Similarly, political tensions between Greece and Turkey and restrictions in trade between these two countries at the time may explain why Greece was (despite geographic proximity) clearly not the source for the CHV-1 and C. parasitica populations in Turkey. Turkey was most likely invaded by CHV-1 and C. parasitica on diseased plant material that had been shipped from the central range. The lack of genetic differentiation among the central populations does not allow to pin-point the exact source of the Turkish populations. However, one likely source would be Italy, the European centre of chestnut production and breeding (Castellini et al. 2009). Shipment of high quality chestnut germplasm from Italy to other European countries has not been uncommon. The hypothesis that CHV-1 invaded Turkey by boat is supported by the TMRCA estimates. The population Ya, which is closer to the port of Istanbul, emerged 10 years prior to the population Bu, which is located further west. Forests are patchy in this region and the two populations are not connected by a continuous forest belt. Hence, the population Bu was probably founded by a rare long-distance dispersal event that explains the time-lag between the emergence of the two populations as well as the persistent population differentiation.

An alternative explanation for the spatial population structure could also be simple stochastic long dispersal events during the geographic expansion. Recurrent founding events during a gradual diffusion of the virus combined with a slow expansion in the newly invaded areas could also have yielded the genetic pattern observed. Additional sampling in the uncovered geographic areas would be needed to clearly reject this alternative hypothesis.

Cryphonectria hypovirus 1 plays an important role as a biocontrol agent of chestnut blight in Europe. In extensively managed or natural ecosystems, such as forests, the long-term establishment of the biocontrol agent is desirable (Payne et al. 1988). Ideally, a biocontrol agent is spreading independently and persists in the ecosystem, exerting a continuous control. The spatial and temporal evolution of biocontrol agents is therefore crucial for the sustainability and effectiveness of the disease control. However, little is known about these evolutionary processes in natural biocontrol systems (Hufbauer and Roderick 2005). CHV-1 occurred naturally in C. parasitica populations and spread independently across Europe (Heiniger and Rigling 1994). In our study, CHV-1 was prevalent in all C. parasitica populations investigated. Our results indicate that CHV-1 successfully invaded newly established populations of the destructive pathogen C. parasitica, and thus probably contributed to prevent the development of devastating chestnut blight epidemics, such as observed in North America (Anagnostakis 1982; Milgroom and Cortesi 2004). Furthermore, our study showed that the newly founded CHV-1 populations had quickly overcome genetic bottlenecks and reached a high genetic diversity due to the rapid evolutionary rate of CHV-1. The results of another study conducted in the same populations revealed that variation in CHV-1 virulence toward C. parasitica was present in all populations, and that there was no evidence for reduced disease control in either the older or the newly founded populations (Bryner and Rigling 2012). In conjunction, these results are promising for the preservation of the European chestnut forests. Studies investigating the spatial and temporal evolution of biocontrol agents in other ecosystems would be useful to define the characteristics and requirements of successful and sustainable biocontrol agents in general. Our study indicates that CHV-1 has characteristics that are ideal for a sustainable disease control in (semi-) natural ecosystems.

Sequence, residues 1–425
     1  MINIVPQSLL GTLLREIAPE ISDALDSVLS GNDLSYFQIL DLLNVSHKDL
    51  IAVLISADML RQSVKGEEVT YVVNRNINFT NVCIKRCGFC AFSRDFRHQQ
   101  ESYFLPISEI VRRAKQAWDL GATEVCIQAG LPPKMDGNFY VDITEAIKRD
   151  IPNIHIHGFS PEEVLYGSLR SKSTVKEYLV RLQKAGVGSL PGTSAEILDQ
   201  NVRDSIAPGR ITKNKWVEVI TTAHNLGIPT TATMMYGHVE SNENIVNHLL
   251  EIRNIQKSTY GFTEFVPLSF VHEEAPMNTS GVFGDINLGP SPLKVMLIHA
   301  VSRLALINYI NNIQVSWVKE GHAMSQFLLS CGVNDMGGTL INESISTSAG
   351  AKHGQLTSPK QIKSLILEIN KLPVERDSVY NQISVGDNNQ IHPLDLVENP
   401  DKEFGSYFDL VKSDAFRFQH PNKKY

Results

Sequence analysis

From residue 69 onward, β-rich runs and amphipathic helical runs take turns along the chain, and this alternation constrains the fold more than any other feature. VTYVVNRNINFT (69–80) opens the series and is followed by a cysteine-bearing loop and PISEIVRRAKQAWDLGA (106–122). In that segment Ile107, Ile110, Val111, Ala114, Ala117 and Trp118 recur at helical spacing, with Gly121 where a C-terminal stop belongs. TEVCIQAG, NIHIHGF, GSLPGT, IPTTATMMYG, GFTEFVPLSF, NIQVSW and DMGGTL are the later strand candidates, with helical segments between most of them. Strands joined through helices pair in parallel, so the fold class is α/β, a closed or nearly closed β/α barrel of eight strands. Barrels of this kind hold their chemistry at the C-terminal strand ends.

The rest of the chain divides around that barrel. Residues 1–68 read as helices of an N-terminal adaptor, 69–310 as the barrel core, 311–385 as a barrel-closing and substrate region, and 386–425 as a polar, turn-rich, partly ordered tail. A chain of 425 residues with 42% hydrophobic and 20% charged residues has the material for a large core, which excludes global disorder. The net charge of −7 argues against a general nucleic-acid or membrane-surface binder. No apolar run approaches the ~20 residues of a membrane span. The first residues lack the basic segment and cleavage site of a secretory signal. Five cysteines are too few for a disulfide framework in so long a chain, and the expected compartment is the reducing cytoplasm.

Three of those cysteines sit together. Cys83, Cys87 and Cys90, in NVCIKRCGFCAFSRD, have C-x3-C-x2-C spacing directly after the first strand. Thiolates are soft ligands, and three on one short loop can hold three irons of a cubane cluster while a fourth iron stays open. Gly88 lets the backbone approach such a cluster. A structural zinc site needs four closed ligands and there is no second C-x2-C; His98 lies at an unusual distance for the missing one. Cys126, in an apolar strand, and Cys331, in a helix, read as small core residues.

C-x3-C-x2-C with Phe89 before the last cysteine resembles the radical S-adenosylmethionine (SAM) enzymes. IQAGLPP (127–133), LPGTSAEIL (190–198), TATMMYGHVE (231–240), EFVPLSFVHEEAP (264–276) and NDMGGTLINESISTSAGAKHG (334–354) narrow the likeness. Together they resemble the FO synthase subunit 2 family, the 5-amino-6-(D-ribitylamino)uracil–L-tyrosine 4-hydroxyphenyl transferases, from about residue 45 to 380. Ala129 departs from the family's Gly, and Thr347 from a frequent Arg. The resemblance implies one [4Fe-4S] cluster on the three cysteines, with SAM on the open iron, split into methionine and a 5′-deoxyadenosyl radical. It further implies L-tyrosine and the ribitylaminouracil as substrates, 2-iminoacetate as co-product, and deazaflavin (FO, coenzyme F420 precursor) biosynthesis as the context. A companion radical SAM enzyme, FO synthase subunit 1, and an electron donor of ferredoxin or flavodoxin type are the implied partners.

In conclusion, our analysis of genome sequences obtained from CHV-1 populations across Europe suggests that the evolution of CHV-1 was spatially congruent with the evolution of its host C. parasitica. We were able to show that CHV-1 had most likely been introduced together with C. parasitica and that its spread across Europe was not continuous. The use of a coalescent approach allowed us to estimate the dates of population emergence in the different European regions and to reconstruct the invasion history of CHV-1. We discussed the consistence of geographic, vegetation-related, demographic, economic, and political factors with the correlated invasion pattern inferred for CHV-1 and C. parasitica in Europe.